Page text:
Re: [secdir] secdir review of draft-ietf-netmod-smi-yang-04

Leif Johansson <> Wed, 11 April 2012 09:27 UTC

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Date: Wed, 11 Apr 2012 11:27:12 +0200
From: Leif Johansson <>
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Subject: Re: [secdir] secdir review of draft-ietf-netmod-smi-yang-04
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On 04/11/2012 11:15 AM, Juergen Schoenwaelder wrote:
> On Wed, Apr 11, 2012 at 10:14:26AM +0200, Leif Johansson wrote:
>> Hi,
>> I have reviewed this document as part of the security
>> directorate's ongoing effort to review all IETF documents being
>> processed by the IESG.  These comments were written primarily for
>> the benefit of the security area directors. Document editors and
>> WG chairs should treat these comments just like any other last
>> call comments.
>> The document specifies a translation between SMIv2 (and by
>> reference to RFC 3584, SMIv1) and YANG. YANG is the information
>> model language used in NETCONF.
>> This draft is outside my subject-matter expertise but the core 
>> security issue seems to be around translation of the SMIv2
>> MAX-ACCESS macro to YANG. Since YANG doesn't define any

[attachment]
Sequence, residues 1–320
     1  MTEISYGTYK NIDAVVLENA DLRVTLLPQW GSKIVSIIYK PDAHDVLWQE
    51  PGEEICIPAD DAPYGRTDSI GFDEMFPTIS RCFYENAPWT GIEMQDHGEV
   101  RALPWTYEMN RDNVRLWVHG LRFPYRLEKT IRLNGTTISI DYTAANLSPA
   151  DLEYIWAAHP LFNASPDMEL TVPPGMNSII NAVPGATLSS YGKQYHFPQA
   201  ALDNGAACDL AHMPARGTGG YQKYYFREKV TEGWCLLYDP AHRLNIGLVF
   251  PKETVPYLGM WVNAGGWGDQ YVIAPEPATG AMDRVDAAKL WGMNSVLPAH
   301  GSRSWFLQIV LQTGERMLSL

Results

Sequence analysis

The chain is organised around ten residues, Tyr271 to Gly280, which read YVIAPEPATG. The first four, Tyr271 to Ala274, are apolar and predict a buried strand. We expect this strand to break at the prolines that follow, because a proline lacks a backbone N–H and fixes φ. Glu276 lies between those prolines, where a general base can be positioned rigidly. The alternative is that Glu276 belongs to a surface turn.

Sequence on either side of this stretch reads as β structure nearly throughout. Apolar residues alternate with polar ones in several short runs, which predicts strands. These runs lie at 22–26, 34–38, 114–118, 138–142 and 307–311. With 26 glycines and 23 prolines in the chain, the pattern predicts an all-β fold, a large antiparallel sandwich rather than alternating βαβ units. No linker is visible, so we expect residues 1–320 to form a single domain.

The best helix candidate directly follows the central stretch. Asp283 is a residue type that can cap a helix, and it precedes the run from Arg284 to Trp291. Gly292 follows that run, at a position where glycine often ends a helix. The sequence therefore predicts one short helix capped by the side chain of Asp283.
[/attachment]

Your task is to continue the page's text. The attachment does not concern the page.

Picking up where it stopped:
>> corresponding element an extension to YANG is defined.
>> However there doesn't seem to be any requirement to implement
>> that extension. The security considerations section refers the
>> reader to the security considerations sections for YANG, NETCONF,
>> SMI etc but claims that "The translation itself has no security
>> impact on the Internet.".
>> I would have liked to see a clear normative statement to the
>> effect that if you relied on MAX-ACCESS in the SMIv2 version of a
>> MIB then you MUST implement the YANG extension for SMI and that
>> the NETCONF implementation used MUST respect the resulting
>> smiv2:max-access statements.
> Hi,
> the MAX-ACCESS in the SMIv2 really has nothing to do with access 
> control. See section 7.3 of RFC 2578 for the details. Also note
> that the SMiv2 to YANG mapping is readonly, that is even if the
> SMIv2 MAX-ACCESS is "read-write" or "read-create", the
> corresponsing YANG leaf is read-only.
> Note that access control in the SNMP world is handled by VACM (RFC 
> 3415) and in the NETCONF world by NACM (RFC 6536).
> /js

As I said this is somewhat outside my comfort-zone but I don't
understand how MAX-ACCESS isn't related to access restrictions
given the security considerations section of rfc 3584.

	Cheers Leif
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